A biblical interpretation of team requires that each of us looks out for the others. 

4 Empowerment

Empowerment is almost impossible and certainly ill-advised without the previously-mentioned necessities—shared vision, personal awareness, competence, and trust. With these elements firmly anchored in the team, empowerment can be successful. Empowerment is more than delegating, though that is a part of it. 

Empowerment is sometimes framed as shared leadership. It involves trusting that competent, committed team members share a vision and are equally committed to the achievement of that vision. The leader does not bear the sole responsibility to protect, share, or achieve the vision. 

If the vision is truly shared by a team that is well-equipped and honest with one another, they will take action to pursue the vision whether or not the leader is in the room. Members of the team are empowered to make decisions and respond to challenges—individually and as a team—because they are competent and committed to the achievement of the team vision. When the leaders trust the team and the team trusts each other, empowerment is possible.

This type of leadership is reflected in the type of leadership that Christ demonstrated, sometimes framed as servant leadership. Christ led by example. In John, he washes the feet of the disciples, making it clear that they must not hold themselves above others. Surely, this scene is in the mind of the author of Philippians in chapters 2:5-7 as he writes of the attitude that we must have toward one another: “In your relationships with one another, have the same mindset as Christ Jesus: who, being in very nature God, did not consider equality with God something to be used to his own advantage . . .”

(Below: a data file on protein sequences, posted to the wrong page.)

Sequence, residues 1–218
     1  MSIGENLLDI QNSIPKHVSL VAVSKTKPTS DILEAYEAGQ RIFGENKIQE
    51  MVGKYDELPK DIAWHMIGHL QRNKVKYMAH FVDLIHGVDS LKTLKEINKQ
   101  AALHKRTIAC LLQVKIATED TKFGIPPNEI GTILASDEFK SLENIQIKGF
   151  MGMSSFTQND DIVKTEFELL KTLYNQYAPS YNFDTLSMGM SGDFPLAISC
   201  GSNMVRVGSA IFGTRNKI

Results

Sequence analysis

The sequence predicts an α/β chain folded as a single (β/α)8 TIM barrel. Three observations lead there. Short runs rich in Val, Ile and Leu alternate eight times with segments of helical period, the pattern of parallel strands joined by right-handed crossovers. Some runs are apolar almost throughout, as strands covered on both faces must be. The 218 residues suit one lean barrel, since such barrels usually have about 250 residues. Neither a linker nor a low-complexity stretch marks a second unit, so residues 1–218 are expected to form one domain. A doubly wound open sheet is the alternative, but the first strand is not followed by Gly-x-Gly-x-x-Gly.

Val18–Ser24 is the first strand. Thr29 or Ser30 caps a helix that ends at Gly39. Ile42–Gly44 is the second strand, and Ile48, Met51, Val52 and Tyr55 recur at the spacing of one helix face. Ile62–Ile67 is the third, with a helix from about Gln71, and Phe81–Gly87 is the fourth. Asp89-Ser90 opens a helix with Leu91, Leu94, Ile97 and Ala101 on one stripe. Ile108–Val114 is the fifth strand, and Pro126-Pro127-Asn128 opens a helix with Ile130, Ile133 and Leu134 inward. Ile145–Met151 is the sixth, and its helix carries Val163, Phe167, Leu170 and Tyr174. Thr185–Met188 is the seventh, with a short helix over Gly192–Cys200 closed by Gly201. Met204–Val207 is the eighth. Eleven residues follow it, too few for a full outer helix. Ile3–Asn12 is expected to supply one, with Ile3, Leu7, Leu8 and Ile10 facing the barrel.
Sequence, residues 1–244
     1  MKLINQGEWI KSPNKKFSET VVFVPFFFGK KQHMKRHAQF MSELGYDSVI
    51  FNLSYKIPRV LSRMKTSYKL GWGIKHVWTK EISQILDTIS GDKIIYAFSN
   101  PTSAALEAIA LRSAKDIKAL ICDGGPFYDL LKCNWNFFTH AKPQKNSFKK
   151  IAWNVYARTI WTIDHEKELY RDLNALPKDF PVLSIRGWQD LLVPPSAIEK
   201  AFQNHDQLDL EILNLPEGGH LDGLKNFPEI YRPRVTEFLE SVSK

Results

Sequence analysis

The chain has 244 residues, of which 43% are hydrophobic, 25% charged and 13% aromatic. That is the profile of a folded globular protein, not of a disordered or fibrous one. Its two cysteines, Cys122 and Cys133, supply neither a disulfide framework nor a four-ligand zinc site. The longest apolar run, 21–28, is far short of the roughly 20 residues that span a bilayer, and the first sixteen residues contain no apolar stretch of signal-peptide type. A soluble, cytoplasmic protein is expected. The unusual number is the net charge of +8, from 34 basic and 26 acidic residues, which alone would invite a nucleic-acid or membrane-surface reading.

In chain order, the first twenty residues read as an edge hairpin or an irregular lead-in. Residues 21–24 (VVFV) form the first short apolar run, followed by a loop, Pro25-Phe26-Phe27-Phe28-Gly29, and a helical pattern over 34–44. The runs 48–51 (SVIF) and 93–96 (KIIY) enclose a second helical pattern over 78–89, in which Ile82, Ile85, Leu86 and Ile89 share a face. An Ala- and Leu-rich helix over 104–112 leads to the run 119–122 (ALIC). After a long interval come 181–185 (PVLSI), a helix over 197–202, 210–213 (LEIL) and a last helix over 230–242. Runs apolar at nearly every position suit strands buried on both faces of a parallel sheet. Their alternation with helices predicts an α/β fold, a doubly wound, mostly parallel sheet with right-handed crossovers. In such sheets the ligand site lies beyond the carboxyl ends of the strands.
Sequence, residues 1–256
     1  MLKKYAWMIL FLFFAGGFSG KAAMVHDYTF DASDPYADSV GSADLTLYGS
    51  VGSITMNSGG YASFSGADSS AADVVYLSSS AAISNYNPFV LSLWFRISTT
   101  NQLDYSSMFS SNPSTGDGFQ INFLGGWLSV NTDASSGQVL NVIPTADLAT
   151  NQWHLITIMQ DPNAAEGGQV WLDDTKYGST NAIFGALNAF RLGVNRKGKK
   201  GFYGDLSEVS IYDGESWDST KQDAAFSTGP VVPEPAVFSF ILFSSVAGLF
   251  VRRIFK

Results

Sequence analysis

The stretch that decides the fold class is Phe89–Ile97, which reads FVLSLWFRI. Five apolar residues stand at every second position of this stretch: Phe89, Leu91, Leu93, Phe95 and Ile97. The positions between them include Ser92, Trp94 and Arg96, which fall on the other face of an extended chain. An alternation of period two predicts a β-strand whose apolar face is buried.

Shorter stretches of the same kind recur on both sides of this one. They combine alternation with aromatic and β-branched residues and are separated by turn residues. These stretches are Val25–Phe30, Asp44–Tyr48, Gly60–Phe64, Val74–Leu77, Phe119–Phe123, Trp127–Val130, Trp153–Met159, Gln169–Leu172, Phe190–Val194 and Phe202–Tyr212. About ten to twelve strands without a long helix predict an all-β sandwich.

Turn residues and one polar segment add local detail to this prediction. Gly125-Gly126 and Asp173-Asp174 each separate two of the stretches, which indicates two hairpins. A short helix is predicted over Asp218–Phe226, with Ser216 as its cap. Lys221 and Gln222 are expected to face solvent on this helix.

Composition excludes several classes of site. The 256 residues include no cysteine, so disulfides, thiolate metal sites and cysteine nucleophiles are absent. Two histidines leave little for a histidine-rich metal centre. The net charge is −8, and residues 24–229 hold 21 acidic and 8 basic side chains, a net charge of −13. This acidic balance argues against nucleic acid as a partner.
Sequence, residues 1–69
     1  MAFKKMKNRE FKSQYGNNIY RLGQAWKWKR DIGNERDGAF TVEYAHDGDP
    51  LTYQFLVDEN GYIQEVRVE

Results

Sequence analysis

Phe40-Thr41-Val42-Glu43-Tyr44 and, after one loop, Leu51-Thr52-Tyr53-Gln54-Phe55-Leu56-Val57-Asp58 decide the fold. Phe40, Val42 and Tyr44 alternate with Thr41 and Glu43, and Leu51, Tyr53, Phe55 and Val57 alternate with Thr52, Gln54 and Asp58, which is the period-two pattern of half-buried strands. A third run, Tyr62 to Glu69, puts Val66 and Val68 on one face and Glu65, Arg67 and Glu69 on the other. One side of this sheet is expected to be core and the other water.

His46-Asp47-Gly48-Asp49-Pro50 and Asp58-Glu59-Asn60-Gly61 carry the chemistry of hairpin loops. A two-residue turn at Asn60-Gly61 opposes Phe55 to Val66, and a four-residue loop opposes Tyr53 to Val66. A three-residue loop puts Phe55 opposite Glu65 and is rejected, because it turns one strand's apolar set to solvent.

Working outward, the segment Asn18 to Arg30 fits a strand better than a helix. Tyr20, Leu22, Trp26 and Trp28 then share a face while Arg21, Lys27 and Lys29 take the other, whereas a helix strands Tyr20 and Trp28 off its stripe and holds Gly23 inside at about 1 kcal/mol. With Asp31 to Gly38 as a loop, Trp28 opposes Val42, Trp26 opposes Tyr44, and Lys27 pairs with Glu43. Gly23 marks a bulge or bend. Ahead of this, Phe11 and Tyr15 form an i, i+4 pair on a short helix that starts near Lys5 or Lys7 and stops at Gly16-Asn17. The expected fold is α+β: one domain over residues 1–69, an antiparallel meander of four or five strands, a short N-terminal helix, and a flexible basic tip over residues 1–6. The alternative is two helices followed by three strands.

Whatever power, influence, or status that we have on a team is never to be used to advance our own causes. It is especially incumbent upon the leader to strengthen the team by empowering others.

5. Dialogue

When both the foundational and these core elements of the team pyramid are in place, true dialogue can occur. It is dialogue that yields the type of learning that is essential to the continued effectiveness of a team. 

Dialogue centers around the exchange of ideas and the exploration of ideas and assumptions. It requires the ability to ask questions, listen carefully, and respond thoughtfully. Because skillful dialogue is so closely intertwined with the ability of a team to learn and succeed, it will be explored in-depth in part 3 along with the final team element: Learning.

Dian Kidd is UBA's Associate Director and has served UBA for almost 30 years. She guides the day-to-day team actions as team leader for UBA's consultant team and oversees daily implementation of data management, communications, strategy, and inner-office workings.